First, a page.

At the same time, those who do require the cable are forced to shell out an additional $35 for Apple's inadequate cable. Apple's cable is far too thin, fragile, and short for our liking. As usual, third-party companies will make their own, but it relies on non-Apple vendors to fix the issue.
It would have been a better comprise if Apple did sell the cable on its own but dropped the price to something more manageable, especially for what it is.
While using it in wired mode, the Digital Crown can still control volume though it is incapable of controlling playback, and the noise control button can toggle the ANC mode.
Block out external noise — and letting it in
Just as with AirPods Pro, there are two ANC modes present on AirPods Max. There are active noise cancelation and transparency modes, which is Apple's branding for the pass-through audio mode that allows the noise around you to be heard.
Active noise cancelation is even better here on the Max than it is on the AirPods Pro. The larger drivers and additional microphones are likely contributing to that. There are nine microphones on the AirPods Max, eight of which are used for ANC and three used for voice control and phone calls.
In all environments we tested, it removed any background noise as well as its competitors. This is easily best-in-class ANC and one of the best features Apple has baked in here.
Transparency mode is also quite good, though it has a few shortcomings during our tests.
In normal conditions, it worked well with only a slight hiss in the background as the exterior audio is passed through. It works exceptionally well, enabling you to be aware of your surroundings, which is vital when you're wearing over-the-ear headphones.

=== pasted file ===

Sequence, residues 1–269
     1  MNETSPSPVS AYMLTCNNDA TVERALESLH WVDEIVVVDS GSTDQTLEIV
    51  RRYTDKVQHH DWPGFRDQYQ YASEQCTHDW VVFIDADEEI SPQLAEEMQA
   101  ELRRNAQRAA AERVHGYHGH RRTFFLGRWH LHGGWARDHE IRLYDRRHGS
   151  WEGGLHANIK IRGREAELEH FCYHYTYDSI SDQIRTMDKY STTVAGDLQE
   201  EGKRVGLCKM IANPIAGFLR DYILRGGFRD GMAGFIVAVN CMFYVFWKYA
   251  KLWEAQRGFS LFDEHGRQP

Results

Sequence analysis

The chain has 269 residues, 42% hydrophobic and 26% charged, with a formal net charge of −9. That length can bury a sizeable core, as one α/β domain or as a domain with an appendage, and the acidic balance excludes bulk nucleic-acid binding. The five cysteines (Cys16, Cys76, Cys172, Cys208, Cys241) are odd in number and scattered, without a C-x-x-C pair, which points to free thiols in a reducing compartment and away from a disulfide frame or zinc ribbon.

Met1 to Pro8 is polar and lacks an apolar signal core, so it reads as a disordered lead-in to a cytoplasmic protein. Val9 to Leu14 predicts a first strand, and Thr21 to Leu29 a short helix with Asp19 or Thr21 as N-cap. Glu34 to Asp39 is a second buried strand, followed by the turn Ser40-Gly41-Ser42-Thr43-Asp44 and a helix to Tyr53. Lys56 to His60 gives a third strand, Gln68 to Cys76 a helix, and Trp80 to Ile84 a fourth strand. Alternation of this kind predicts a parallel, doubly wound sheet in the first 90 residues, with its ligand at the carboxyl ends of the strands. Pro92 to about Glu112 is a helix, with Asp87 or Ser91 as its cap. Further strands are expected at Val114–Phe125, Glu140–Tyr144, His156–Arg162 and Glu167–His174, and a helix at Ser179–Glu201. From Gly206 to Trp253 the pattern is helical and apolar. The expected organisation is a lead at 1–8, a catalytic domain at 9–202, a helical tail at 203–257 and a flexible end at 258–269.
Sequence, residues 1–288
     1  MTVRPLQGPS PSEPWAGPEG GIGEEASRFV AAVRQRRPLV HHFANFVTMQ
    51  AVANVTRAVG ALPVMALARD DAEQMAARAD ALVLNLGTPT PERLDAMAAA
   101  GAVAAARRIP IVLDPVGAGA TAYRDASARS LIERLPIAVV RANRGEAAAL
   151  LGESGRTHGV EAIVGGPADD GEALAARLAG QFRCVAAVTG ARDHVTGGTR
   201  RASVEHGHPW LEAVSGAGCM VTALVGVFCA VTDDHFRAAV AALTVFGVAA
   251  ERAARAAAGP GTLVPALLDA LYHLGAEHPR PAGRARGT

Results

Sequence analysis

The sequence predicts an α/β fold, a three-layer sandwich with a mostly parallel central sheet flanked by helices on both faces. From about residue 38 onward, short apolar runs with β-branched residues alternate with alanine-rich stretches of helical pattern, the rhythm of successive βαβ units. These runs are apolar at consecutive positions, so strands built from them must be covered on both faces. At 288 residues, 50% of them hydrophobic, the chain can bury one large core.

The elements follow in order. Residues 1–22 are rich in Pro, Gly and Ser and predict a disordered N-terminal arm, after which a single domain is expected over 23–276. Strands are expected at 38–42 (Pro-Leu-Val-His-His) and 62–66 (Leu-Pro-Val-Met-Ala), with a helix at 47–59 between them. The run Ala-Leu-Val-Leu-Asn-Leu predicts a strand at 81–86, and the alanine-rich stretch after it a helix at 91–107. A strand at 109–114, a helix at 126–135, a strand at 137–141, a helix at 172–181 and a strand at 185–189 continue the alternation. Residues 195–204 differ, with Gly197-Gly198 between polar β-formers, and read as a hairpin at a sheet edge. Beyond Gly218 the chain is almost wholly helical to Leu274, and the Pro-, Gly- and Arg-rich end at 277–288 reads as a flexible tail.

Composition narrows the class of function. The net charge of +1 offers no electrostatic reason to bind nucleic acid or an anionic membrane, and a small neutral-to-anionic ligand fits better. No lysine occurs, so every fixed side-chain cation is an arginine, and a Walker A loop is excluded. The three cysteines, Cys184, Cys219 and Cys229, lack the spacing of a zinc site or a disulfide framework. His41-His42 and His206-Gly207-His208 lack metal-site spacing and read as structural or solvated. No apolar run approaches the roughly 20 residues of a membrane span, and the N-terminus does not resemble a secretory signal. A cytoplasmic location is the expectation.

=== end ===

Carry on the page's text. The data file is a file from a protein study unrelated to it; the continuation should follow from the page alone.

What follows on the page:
Our only gripe is with high-pitched noises, even subtle ones. Walking around the studio, our shoes on the wood flooring creates a slight shuffling sound at times, and that gets amplified very loudly through the headphones when transparency mode is on. Many other noises get boosted like this and we can't see a fix for it.
AirPods Max Audio fidelity
Turning to audio, we're underwhelmed. In short, they produce above-average audio but fall short of other $550 headphones.
Baked into AirPods Max are 40mm Apple-designed dynamic drivers. Apple seems to be targeting a neutral audio profile, with excellent fidelity on the mids and highs but no extremes on either end. The soundstage is fantastic and more significant than most comparable models, which is fantastic for listening to music and watching movies.
Bass isn't bad but is volume dependent. The lows were disappointing when turned down, but as we hit 50 percent or louder volume, the bass came in punchy and strong. At near-max volume, the bass was enough to near shake the cups on your head during a bass-heavy song.
Overall, the audio sounds clean and clear. The simplest way to describe it is as "pleasing." While that may not suffice for audiophiles, the average consumer who picks these up should be just fine with it.
Spatial audio is another feature altogether that needs highlighting. Between spatial audio and ANC, it is a unique experience to use these headphones. In our testing, we kicked back to watch the latest episode of The Mandalorian through Disney+ on our iPad Pro.
Initially, we legitimately thought our headphones weren't working, and we were hearing the audio come straight from the speakers in front of us, especially as we moved our heads. Audio continued to come right from the characters on-screen as we turned our heads in any direction. It is surreal. It wasn't until we removed the headphones that we confirmed that the effect was coming from the AirPods Max.
Aside from the effect of audio's direction coming from the device, spatial audio also allows audio to come from all around you when mixed in Dolby 7.1 surround or Dolby Atmos. With Atmos the effect is especially impressive as sound can come from above, behind, or any direction. It is a next-level listening experience and makes us want to listen more on headphones on our TV due to the better effects.